Wednesday, 30 September 2009

App-V and .NET: Pick a bubble, any bubble

Over the past week, I was tasked with investigating some of the "effects" of the .NET framework and related applications with the Microsoft App-V sequencing environment.

For those following the evolution of App-V (from the days of Softricity), the recent update of Microsoft's Application Virtualisation technology (App-V)  to 4.5 and version 4.6 saw a big change in the way that the .NET framework was sequenced with applications.

Life is really complex now, as I will demonstrate in the latter part of this blog, but life used to be simple (ahh, the good old days). Prior to the release of App-V 4.5 (and this includes the latest release of "service pack" update 4.6)  you could be forgiven for sequencing your applications with a version of Microsoft's .NET framework. Meaning that each individual App-B virtualized  "bubble" would include the required application and the required .NET dependency. Forgiven, but not encouraged. 

Given this rather lack state of sequencing Best Practices and rigour; a rather large number of people (and organizations) took the App-V 4.2 challenge and virtualized a good number of their applications. And, a good number of these App-V sequenced packages were .NET applications  that included their required version of the .NET framework.

The result. App-V 4.2 was a round for a while. And, these 4.2 App-V sequenced .NET application packages (including their dependant .NET frameworks) will be a round for a lot longer.

Let's flash forward to today. Flash!

App-V 4.6 is released and Microsoft releases the following update for .NET applications.

"Microsoft has made several architectural changes in the implementation of Microsoft Application Virtualization (App-V) 4.5 to ensure that the product is aligned with our roadmap for future innovation. One such change entailed moving the API intercepts from kernel mode into user mode. This change had a side-effect of changing the App-V compatibility with the .NET Framework from previous versions of App-V."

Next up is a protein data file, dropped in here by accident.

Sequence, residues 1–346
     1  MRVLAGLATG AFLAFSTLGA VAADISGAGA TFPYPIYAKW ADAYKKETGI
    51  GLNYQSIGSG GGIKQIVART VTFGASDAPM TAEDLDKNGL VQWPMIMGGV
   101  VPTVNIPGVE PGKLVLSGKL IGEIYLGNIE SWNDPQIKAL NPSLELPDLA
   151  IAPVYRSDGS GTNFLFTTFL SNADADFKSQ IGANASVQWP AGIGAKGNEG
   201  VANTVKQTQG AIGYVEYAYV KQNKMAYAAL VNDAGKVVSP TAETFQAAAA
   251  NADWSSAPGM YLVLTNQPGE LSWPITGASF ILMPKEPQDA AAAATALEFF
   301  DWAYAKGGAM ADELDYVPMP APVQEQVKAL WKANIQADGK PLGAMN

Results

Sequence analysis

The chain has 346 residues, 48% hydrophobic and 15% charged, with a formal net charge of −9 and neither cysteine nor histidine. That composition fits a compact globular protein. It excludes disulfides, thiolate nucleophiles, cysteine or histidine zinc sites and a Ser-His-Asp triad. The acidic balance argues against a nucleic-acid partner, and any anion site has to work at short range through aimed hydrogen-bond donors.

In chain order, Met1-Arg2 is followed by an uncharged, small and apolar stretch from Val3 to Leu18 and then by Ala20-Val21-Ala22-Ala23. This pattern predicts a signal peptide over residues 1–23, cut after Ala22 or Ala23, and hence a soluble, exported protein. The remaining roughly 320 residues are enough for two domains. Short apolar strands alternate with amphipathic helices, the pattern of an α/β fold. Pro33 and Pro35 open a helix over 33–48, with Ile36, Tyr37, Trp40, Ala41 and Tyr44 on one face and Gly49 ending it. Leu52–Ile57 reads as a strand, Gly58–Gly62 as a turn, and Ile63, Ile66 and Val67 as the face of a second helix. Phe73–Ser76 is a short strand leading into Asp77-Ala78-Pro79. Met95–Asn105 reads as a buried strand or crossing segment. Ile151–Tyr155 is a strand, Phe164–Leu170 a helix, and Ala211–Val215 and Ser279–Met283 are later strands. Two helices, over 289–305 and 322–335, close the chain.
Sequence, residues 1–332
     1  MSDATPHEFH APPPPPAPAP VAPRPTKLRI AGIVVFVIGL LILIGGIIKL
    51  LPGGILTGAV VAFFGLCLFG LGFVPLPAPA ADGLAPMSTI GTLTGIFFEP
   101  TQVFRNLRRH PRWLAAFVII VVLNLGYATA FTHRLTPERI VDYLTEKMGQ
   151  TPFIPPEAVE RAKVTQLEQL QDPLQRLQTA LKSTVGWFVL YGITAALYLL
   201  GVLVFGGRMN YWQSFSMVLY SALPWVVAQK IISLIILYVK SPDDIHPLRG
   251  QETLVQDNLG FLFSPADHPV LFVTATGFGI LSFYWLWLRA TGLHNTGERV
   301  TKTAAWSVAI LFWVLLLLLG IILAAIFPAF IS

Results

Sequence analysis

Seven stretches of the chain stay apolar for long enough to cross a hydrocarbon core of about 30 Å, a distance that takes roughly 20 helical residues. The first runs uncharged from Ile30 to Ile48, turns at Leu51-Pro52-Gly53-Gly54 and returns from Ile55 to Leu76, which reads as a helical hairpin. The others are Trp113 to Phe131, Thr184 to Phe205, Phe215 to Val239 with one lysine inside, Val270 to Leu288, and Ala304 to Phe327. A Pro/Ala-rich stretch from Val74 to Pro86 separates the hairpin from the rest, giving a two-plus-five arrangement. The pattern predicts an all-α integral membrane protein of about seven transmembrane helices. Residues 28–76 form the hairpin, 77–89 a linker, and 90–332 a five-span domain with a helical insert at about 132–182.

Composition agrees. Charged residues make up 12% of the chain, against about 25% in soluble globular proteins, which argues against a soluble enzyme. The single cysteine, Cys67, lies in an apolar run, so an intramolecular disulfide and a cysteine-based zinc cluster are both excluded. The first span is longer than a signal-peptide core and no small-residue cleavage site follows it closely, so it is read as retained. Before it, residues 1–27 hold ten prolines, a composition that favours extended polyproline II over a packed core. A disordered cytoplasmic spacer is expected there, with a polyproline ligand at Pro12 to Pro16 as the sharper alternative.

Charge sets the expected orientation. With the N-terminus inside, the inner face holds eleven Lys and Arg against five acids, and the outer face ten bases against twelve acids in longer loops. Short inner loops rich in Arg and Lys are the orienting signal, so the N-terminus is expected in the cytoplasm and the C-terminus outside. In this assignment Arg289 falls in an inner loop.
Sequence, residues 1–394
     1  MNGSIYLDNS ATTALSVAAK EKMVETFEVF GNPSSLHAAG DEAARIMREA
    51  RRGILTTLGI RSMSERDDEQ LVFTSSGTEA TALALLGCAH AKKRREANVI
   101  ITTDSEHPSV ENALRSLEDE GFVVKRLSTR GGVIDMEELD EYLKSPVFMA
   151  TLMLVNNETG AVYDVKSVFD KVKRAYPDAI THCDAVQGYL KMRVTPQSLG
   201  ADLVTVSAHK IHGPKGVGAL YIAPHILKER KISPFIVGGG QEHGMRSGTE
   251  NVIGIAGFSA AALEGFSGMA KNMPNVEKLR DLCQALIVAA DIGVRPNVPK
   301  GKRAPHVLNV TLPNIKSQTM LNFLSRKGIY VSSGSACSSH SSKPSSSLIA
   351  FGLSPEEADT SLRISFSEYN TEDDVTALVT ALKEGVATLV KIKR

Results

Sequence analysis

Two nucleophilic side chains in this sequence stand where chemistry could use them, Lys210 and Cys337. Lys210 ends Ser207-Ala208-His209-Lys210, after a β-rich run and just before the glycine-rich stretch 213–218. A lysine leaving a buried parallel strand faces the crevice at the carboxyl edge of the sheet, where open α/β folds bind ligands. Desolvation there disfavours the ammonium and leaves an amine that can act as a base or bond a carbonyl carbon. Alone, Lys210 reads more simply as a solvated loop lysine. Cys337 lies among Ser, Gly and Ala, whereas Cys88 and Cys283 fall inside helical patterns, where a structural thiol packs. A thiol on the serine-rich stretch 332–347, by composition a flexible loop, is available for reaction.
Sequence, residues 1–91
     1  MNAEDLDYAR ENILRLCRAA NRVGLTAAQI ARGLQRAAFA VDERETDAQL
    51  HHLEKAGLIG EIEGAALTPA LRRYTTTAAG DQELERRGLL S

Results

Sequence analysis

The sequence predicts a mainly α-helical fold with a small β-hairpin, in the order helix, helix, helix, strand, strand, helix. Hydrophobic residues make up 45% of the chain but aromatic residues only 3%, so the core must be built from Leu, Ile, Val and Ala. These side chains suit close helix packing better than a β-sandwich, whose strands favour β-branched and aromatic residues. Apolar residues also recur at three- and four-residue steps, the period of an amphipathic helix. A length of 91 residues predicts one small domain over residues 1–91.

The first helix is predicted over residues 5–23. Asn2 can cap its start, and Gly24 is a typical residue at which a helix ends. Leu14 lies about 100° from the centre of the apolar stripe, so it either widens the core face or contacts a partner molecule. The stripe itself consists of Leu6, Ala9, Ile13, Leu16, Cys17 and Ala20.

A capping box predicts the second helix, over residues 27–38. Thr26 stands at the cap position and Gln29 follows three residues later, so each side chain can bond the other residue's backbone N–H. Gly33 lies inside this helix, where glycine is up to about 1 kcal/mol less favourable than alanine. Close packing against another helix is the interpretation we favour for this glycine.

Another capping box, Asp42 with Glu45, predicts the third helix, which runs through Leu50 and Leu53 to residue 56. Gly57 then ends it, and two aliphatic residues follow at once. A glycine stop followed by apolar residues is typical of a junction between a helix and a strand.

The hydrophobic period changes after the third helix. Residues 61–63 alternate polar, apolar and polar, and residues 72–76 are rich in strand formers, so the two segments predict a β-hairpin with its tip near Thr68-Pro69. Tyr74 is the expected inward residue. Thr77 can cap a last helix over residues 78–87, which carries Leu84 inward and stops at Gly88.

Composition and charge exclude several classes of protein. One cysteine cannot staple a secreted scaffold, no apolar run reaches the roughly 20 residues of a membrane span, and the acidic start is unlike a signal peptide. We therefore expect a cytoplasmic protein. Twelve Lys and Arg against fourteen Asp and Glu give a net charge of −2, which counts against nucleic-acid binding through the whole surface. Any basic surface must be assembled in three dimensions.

"App-V 4.5 continues to be fully compatible with .NET applications. The change in compatibility only manifests itself with the .NET Framework."

Now, what this means is that all of the App-V packages that included .NET and were generated in versions  of App-V prior to 4.5 must abide by the following scenarios;

  • Using and deploying applications that include the .NET Framework 3.5 (or earlier versions) is fully supported on Windows XP (SP2 and later) with App-V 4.5 CU1.
  • For all other platforms, the client OS must have .NET locally installed. The installed version must be greater than or equal to the application’s .NET dependency
  • Windows Vista RTM includes .NET 3.0 by default, no additional .NET installation is required unless the application requires .NET 3.5 RTM or SP1
  • Windows Vista SP1 (fully-patched) includes .NET 3.0 by default, no additional .NET installation is required unless the application requires .NET 3.5 RTM or SP1

And to add to this (already complex) matrix , what about Server 2008 (R2)? ?And 64-bit platforms? How are they handled?

I was told by a Microsoft engineer last week, that App-V does not solve Operating system level application compatibility issues. With these kind of deployment scenarios and requirements/dependencies - no wonder they have taken this view.


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